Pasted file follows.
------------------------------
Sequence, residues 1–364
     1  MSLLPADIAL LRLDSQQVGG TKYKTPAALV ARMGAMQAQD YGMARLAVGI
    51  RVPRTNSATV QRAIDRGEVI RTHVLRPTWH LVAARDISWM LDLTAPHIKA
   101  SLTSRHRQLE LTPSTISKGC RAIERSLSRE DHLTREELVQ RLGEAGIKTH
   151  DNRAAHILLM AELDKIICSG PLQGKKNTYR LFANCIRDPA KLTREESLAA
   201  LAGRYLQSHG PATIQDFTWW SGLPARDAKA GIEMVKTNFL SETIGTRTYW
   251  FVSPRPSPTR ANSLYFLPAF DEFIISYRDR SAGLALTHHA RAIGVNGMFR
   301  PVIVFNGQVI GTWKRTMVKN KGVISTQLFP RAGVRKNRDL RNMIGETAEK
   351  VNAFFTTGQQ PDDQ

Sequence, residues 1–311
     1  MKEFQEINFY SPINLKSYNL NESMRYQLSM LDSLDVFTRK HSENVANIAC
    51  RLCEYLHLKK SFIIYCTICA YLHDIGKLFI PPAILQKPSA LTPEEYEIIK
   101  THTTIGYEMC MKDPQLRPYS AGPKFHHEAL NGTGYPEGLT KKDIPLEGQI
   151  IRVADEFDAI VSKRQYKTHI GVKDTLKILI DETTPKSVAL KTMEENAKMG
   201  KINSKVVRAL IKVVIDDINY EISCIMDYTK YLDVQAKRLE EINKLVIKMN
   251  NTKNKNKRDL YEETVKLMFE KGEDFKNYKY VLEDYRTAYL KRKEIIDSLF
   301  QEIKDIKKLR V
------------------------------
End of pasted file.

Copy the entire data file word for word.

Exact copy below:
Sequence, residues 1–364
     1  MSLLPADIAL LRLDSQQVGG TKYKTPAALV ARMGAMQAQD YGMARLAVGI
    51  RVPRTNSATV QRAIDRGEVI RTHVLRPTWH LVAARDISWM LDLTAPHIKA
   101  SLTSRHRQLE LTPSTISKGC RAIERSLSRE DHLTREELVQ RLGEAGIKTH
   151  DNRAAHILLM AELDKIICSG PLQGKKNTYR LFANCIRDPA KLTREESLAA
   201  LAGRYLQSHG PATIQDFTWW SGLPARDAKA GIEMVKTNFL SETIGTRTYW
   251  FVSPRPSPTR ANSLYFLPAF DEFIISYRDR SAGLALTHHA RAIGVNGMFR
   301  PVIVFNGQVI GTWKRTMVKN KGVISTQLFP RAGVRKNRDL RNMIGETAEK
   351  VNAFFTTGQQ PDDQ

Sequence, residues 1–311
     1  MKEFQEINFY SPINLKSYNL NESMRYQLSM LDSLDVFTRK HSENVANIAC
    51  RLCEYLHLKK SFIIYCTICA YLHDIGKLFI PPAILQKPSA LTPEEYEIIK
   101  THTTIGYEMC MKDPQLRPYS AGPKFHHEAL NGTGYPEGLT KKDIPLEGQI
   151  IRVADEFDAI VSKRQYKTHI GVKDTLKILI DETTPKSVAL KTMEENAKMG
   201  KINSKVVRAL IKVVIDDINY EISCIMDYTK YLDVQAKRLE EINKLVIKMN
   251  NTKNKNKRDL YEETVKLMFE KGEDFKNYKY VLEDYRTAYL KRKEIIDSLF
   301  QEIKDIKKLR V